Five ways we plan to fight DVD piracy in 2012
Greetings, loyal citizen! It's the motion picture industry here. We've noticed you're buying less DVDs than you used to. This is terrible news. Why might this nineteen-year-old technology be in decline in the age of on-demand video, ubiquitous Internet access and high definition mobile devices? Your turgid pirate faces have the answer written all over them.
Here are ten things we're doing in 2012 to force you to buy DVDs. DVDs! O, glorious DVDs. So digitally versatile are you. DVDs DVDs DVDs DVDs.
We're including two hundred and eighty seven unskippable copyright notices before each movie. We know that you may be unfamiliar with the law. That's why you keep copying our precious intellectual property. So, in order to educate you into paying $14.98 for a legitimate DVD copy of Shallow Hal, we're incorporating two hundred and eighty seven slightly different copyright notices. That's almost 48 minutes of copyrights! Consider yourself educated - over and over again.
Introducing DVD dongles. In order to play specially protected dongle DVDs, you need to don a dongle™ on the back of your DVD player. Please note that don a dongle™ is a registered trademark, and that donnable DVD dongles may only be produced under a regional license representing no less than 3% of the retail price of your illegal pirate whore machines (TVs, laptop computers and DVD players).
Pixel protection. One of the leading causes of DVD piracy is the transmission of contiguous, related image components as part of a self-contained frame. Our innovative solution is pixel-only DVD sets. 345,600 miniature television sets (0.004"x0.015") are placed in a rectangular array, and connected to tiny DVD players. Each one contains a cropped version of the movie exactly one pixel by one pixel wide. Simply hit play on each of the 345,600 DVD players simultaneously, and enjoy your movie. Bittorrent that, assholes.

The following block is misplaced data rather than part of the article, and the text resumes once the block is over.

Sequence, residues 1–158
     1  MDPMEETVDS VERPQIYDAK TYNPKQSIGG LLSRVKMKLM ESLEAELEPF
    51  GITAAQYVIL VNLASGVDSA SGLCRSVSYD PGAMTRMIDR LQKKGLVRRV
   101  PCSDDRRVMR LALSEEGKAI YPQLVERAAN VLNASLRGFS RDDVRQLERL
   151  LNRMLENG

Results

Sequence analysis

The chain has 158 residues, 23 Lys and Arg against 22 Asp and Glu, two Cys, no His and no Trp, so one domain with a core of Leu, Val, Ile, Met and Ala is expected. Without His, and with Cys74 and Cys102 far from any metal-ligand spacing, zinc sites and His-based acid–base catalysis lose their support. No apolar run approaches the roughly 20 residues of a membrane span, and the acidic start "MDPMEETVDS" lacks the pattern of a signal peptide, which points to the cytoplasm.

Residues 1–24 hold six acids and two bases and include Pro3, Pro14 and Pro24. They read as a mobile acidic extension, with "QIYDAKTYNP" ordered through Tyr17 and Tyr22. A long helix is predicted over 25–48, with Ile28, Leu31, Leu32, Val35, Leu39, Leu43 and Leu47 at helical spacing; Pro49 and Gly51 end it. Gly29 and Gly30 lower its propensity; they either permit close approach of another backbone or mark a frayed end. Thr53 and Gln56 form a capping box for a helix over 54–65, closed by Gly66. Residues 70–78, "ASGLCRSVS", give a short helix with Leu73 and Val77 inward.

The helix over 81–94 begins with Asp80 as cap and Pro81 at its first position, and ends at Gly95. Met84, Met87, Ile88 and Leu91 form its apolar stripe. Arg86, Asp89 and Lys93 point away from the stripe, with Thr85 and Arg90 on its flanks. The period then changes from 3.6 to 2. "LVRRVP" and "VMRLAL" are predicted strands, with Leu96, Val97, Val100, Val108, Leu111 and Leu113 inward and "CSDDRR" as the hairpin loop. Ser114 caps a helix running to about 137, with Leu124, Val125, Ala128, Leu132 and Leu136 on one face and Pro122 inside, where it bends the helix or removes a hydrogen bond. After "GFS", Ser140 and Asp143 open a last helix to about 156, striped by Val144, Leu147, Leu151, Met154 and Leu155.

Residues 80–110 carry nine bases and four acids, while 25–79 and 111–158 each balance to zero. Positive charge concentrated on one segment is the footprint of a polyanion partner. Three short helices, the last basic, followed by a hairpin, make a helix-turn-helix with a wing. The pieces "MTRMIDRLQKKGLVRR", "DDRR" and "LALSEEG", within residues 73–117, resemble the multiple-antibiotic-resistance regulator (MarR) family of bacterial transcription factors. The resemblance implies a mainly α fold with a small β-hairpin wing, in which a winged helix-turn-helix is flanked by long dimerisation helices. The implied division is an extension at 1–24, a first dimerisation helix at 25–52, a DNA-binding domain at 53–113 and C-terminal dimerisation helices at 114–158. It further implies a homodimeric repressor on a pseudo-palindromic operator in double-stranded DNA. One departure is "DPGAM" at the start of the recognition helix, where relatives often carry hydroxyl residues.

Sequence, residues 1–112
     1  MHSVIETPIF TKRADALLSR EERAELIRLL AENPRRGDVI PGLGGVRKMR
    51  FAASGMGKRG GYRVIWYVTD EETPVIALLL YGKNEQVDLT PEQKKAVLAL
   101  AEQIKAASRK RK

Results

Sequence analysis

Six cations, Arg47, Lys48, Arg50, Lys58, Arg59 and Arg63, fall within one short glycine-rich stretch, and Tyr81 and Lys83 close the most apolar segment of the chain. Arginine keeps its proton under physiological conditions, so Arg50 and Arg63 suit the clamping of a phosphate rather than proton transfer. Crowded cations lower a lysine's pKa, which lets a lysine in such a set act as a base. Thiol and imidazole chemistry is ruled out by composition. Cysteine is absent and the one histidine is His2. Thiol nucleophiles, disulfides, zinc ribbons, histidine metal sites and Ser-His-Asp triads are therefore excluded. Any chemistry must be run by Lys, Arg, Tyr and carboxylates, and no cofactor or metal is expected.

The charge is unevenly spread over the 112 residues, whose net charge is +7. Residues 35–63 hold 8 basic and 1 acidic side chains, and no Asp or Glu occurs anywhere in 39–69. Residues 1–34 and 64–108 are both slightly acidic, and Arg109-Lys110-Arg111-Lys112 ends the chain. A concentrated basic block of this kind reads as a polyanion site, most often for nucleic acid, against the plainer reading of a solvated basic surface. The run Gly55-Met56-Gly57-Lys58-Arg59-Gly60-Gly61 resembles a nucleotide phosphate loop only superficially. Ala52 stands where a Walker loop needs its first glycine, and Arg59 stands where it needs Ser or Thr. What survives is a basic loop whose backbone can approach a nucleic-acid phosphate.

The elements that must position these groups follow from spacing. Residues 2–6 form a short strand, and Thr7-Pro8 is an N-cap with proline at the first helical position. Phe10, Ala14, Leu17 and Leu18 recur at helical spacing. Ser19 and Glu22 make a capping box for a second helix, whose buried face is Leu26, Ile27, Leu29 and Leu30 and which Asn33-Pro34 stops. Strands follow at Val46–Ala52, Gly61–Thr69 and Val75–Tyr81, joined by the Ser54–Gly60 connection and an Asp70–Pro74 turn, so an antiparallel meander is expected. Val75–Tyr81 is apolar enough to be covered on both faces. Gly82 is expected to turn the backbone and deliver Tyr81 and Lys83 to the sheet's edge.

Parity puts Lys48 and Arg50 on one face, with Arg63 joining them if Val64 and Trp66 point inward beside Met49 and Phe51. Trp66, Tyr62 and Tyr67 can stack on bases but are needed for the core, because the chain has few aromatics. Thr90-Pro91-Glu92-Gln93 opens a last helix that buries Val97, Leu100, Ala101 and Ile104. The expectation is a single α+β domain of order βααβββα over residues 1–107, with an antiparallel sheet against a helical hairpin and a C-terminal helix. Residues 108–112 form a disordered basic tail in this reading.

We will fling poo at you. Our monkeys are primed, and at your windows right now. They're watching you. Do not violate our intellectual property rights.
Pre-emptive piracy. In order to prevent the public from copying our content and uploading it to illegal file-sharing sites like The Pirate Bay and Demonoid, we will do these things before they have the chance. As we have the full licenses to the content and are in possession of applicable contracts, this will not be breaking any laws. This way, our entertainment products will legitimately continue to reach audiences, retain marketing buzz and royalties from the on-demand, rental, television and air travel markets, without interference from you pirating scumbags.
What do you think, did we get it right? Comment here...
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